Willy’s Wonderland combs over the horror genre’s aesthetic history, finding different avenues to celebrate its growth. For example, while we have a traditional gaggle of archetypes, the editing and colour grading reflects a mid-2000s aesthetic; enhancing its kitschy concept. This fun self-reflexive tone is a delightful change to the potentially schlocky mess the movie could have fallen victim to. It’s clear that Lewis and Parsons are big fans of the genre, and horror fans who know their history will love the ride the pair take them on; a fun pastiche of horror through the decades. And a love letter to the dusty tropes of horror; brushing them off and giving them a satirical coat of paint.

The animatronics themselves are suitably unnerving; The Siren is particularly terrifying for the uncanny valley effect she produces – through a combination of practical effects; the CG alongside her animatronic head and human body allowing for a perverse hybrid of demonic-human movement that stays in your head. The colourful cast of murderous automatons has its own unique styles and backstories, and appreciative addition to the world. When The Janitor comes face-to-face with the animatronics, Lewis and Parsons take our expectations and shred them – it’s brutal, with a pure Cageian anarchy annihilating them one after the other, with little question or thought. It’s an upending of the seemingly malevolent and powerful demonic nature we have come to expect with this type of monster and firmly declares that Cage is who we should truly fear.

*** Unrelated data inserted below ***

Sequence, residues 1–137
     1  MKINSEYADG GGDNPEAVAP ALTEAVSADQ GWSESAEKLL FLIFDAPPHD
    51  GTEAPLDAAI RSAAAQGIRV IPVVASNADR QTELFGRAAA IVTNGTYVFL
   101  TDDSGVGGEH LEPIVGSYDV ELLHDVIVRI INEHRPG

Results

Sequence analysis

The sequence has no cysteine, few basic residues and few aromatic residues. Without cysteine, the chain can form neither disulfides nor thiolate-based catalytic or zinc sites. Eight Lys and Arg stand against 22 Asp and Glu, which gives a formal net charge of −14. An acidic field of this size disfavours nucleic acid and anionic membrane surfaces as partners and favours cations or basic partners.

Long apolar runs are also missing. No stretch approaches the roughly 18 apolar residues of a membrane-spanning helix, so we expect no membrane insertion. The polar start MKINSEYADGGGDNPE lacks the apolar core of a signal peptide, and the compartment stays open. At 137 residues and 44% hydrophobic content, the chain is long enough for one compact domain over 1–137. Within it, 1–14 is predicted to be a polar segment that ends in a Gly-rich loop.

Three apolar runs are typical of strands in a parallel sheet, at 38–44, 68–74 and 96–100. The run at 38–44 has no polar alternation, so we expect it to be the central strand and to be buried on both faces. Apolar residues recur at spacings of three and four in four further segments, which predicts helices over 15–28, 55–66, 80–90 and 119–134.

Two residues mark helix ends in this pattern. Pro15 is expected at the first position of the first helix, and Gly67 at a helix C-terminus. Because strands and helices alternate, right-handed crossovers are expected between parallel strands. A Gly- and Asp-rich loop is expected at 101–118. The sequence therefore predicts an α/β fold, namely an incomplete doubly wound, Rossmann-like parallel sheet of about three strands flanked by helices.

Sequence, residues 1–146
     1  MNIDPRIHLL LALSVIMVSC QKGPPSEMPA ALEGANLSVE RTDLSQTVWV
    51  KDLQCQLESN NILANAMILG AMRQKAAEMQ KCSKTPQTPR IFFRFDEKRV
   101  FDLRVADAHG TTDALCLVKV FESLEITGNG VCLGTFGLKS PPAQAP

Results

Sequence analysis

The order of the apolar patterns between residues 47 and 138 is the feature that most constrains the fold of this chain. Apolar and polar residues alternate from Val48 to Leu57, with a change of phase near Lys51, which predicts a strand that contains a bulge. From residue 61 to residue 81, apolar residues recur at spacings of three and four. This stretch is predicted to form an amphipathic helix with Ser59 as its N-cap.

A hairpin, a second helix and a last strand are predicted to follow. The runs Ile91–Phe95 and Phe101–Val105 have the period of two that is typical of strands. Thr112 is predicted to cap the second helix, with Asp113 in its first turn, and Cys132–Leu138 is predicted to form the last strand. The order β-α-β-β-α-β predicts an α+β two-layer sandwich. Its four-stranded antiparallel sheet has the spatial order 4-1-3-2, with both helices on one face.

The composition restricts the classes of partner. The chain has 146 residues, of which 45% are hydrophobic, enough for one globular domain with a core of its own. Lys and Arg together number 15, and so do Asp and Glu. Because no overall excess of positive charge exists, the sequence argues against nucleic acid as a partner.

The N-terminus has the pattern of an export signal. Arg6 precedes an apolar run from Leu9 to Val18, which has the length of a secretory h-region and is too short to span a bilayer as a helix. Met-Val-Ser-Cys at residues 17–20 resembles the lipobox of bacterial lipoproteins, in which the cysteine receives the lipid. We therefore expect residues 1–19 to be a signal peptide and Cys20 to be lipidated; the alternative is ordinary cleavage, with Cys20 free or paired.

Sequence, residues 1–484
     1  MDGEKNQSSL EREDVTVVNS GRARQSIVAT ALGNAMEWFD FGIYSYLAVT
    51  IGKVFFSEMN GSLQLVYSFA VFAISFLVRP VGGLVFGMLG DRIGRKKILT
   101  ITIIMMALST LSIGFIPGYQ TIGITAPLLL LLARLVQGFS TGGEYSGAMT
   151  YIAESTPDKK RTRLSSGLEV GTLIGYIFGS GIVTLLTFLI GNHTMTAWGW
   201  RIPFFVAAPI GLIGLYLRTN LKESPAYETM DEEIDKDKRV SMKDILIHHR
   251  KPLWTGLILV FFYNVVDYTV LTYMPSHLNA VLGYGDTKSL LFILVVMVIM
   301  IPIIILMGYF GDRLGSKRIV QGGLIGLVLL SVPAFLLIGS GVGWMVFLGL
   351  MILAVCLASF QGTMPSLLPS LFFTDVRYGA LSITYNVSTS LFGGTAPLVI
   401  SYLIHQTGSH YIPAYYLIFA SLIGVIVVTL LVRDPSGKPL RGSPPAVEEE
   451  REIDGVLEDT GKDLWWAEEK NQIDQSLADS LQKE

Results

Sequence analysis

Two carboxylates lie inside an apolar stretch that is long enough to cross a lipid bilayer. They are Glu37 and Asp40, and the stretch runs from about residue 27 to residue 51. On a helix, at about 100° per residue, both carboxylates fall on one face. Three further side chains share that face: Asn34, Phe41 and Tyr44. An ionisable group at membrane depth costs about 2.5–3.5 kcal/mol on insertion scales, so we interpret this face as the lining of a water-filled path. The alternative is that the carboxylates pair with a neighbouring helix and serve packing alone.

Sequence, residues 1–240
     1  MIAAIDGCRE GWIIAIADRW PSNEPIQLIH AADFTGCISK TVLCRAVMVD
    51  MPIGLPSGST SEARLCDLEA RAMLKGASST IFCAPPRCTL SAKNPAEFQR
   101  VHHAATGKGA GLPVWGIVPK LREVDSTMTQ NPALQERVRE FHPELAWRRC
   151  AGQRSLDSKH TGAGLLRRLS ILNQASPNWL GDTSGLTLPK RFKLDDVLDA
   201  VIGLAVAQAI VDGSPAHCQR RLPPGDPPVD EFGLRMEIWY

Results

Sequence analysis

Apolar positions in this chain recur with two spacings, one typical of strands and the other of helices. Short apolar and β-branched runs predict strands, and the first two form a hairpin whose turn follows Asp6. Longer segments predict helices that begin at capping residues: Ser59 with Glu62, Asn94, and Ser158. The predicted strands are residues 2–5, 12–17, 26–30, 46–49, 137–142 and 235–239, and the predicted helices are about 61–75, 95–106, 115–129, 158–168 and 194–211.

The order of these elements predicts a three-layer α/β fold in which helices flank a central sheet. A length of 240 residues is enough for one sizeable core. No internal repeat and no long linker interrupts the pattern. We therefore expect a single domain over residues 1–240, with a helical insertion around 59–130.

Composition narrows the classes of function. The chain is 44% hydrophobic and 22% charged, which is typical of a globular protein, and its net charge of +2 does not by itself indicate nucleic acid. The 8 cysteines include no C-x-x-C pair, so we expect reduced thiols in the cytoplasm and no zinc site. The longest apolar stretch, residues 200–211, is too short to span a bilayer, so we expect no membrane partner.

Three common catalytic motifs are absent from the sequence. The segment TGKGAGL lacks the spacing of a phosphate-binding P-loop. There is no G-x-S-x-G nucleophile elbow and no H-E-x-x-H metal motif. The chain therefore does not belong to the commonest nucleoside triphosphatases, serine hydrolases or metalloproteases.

Willy’s Wonderland takes the traditional imbalance of power – monster vs human and plays with it to mesmerizing effect. While the horrific action finds a distinct voice in Nicolas Cage’s performance. Here, he is not only equal to the animatronics but also more powerful. His character barely breaking a sweat while handing out decapitations, mutilations and tearing fur from shells whilst soaked in violent spurts of oil. It’s Cage at his unhinged best, and it’s horrifically brilliant to watch him devour demons with his bare hands.

Despite the clear pastiche and reflections on the history of horror and the postmodern satire through Cage’s upending presence. Willy’s Wonderland still manages to have some genuine unexpected moments; building each one from humorous excess rather than jumpscare horror. It’s delightfully absurd as we’re seduced by a talking demonic weasel’s birthday song, distracting us from a giant knight skewering a teen like a human shish-kebab. Meanwhile, there are also some clever and interesting lore-building dynamics within the backstory. And while this creates one flashback too many—the puzzle pieces we’re given fit together to make for a compelling backstory that feels strangely authentic.

From the brutality of Cage’s animatronic decimations to the menagerie of cliches and tropes that are deliberately used to emphasize a self-aware strategy. Willy’s Wonderland makes a case for a new brand of horror with a pulpy and delightfully camp reflexivity that will satisfy horror fans old and new, while at the same time, ensuring viewers keep coming back to relive the fun.